Long-term pain patients on high amounts of opioid painkillers who taper their dose are at a higher risk of suffering a mental health crisis or an overdose, a new study has found.
Researchers at the University of California, Davis, looked at a database of more than 113,000 patients prescribed higher doses of opioid painkillers between 2008 and 2019 -- an average of about 50 morphine milligram equivalents per day -- for at least a year. From there, they identified patients who had tapered their dose, which researchers defined as reducing it by at least 15% over a 60-day period.
Researchers found that the group of patients who tapered experienced a 68% increase in overdoses and twice the number of mental health crises compared with patients who stayed on their normal dose of medication, according to a university news release. Those risks were even more pronounced among patients whose original doses were higher and who reduced their doses more quickly. The report did not explain how patients overdosed.
The overprescription of opioid painkillers is widely blamed for the skyrocketing overdose crisis in the United States. The trend started in the 1990s, when drug manufacturers advertised opioid painkillers as nonaddictive and encouraged doctors to treat pain as a “fifth vital sign.” That led to a flood of opioid painkillers in the conventional and illicit markets, and a spiraling addiction and overdose crisis whose ramifications are still felt today. In 2020, some 93,000 Americans died of overdoses, more than in any other single year.
Around the country, state officials, insurance companies, and pharmacies have cracked down on overprescribing by instituting prescription caps and intense monitoring of opioid painkillers. But the UC Davis study suggests that heavy-handed efforts to get long-term pain patients off of opioids can also put them at risk.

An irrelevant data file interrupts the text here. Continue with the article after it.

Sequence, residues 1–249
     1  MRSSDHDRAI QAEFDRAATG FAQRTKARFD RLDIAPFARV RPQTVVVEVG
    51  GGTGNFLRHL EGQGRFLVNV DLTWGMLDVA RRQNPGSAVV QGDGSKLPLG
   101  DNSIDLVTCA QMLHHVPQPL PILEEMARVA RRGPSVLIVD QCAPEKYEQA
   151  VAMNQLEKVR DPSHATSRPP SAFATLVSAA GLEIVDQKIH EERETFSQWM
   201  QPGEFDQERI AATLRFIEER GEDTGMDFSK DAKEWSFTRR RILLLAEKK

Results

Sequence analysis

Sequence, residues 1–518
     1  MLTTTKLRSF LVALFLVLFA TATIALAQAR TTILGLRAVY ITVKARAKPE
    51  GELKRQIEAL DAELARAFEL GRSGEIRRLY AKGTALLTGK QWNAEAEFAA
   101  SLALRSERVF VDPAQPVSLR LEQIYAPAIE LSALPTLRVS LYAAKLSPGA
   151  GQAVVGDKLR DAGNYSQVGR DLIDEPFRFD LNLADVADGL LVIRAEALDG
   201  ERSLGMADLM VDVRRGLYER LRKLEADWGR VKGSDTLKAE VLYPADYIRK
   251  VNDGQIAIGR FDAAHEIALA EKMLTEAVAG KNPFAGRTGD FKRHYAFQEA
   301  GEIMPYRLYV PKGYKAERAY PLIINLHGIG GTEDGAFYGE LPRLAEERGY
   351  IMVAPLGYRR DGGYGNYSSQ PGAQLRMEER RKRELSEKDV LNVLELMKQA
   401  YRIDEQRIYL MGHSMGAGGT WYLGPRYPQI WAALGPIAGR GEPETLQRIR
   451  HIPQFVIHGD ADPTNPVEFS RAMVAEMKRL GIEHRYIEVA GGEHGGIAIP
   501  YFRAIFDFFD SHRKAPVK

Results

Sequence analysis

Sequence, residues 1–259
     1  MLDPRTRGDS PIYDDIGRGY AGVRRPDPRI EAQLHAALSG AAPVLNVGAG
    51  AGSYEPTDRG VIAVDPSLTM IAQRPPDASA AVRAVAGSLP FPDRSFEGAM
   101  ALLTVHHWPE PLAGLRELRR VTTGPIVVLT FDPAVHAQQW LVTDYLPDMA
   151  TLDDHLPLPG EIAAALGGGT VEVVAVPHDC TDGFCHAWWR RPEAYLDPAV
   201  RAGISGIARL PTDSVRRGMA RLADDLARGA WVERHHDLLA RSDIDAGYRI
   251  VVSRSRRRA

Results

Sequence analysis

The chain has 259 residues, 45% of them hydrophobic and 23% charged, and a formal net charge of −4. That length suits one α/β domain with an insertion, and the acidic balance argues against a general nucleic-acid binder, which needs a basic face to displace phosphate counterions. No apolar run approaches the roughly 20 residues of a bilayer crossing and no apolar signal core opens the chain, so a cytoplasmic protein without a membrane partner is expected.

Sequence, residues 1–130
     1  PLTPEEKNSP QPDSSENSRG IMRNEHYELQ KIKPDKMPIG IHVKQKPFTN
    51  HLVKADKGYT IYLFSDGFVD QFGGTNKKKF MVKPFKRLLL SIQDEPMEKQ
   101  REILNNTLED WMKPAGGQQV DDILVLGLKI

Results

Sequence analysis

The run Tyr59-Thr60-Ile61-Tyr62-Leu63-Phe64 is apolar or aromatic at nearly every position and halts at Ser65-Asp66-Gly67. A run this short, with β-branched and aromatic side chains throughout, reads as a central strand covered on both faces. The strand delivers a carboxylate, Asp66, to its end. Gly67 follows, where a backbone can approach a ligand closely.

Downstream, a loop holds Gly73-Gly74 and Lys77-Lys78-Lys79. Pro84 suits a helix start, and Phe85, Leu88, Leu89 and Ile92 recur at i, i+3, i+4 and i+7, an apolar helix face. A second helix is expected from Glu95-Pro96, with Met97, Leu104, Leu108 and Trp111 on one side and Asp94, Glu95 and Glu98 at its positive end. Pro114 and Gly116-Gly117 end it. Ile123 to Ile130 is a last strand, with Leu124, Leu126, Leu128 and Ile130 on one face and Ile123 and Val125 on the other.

“There are risks of starting opioid therapy, and risks of continuing therapy. But there are also risks to attempting to stop therapy,” said Alicia Agnoli, a physician and assistant professor in the department of family and community medicine at UC Davis, and the study’s lead author. “What [the study] really speaks to is there is not a one-size-fits-all approach to opioid prescribing. Things like dose ceilings and forced tapers are generally not beneficial to large populations of patients.”
She said she was surprised by how closely tapering and overdoses and mental health crises were related. And while patients who started at higher doses of painkillers and tapered rapidly had a higher risk of an overdose or mental health crisis, patients on lower doses who tapered at a slower rate still had some risk of an adverse outcome.
It’s crucial for physicians to give patients more support while they’re tapering off opioids, she said -- and for policymakers to reconsider policies around opioid prescribing that might not be adequately preventing overdose.
Stigma and shame around opioid use and addiction can contribute to a heavy-handed approach to prescribing and tapering that’s dangerous for patients in general, said Agnoli, who treats both pain patients and people with substance use disorder in her primary-care clinic.
“There are almost no chronic conditions I can think of where you look at medical maintenance and say, ‘When are you going to get off it?’ We don’t ask diabetic patients when they’re going to get off their insulin. We reevaluate the need for those medicines at regular intervals and employ every tool we have to treat the underlying causes,” she said. “These are strategies that apply to depression, high blood pressure, diabetes, asthma, and we seem to really struggle with applying that to both complex chronic pain and substance use disorder.”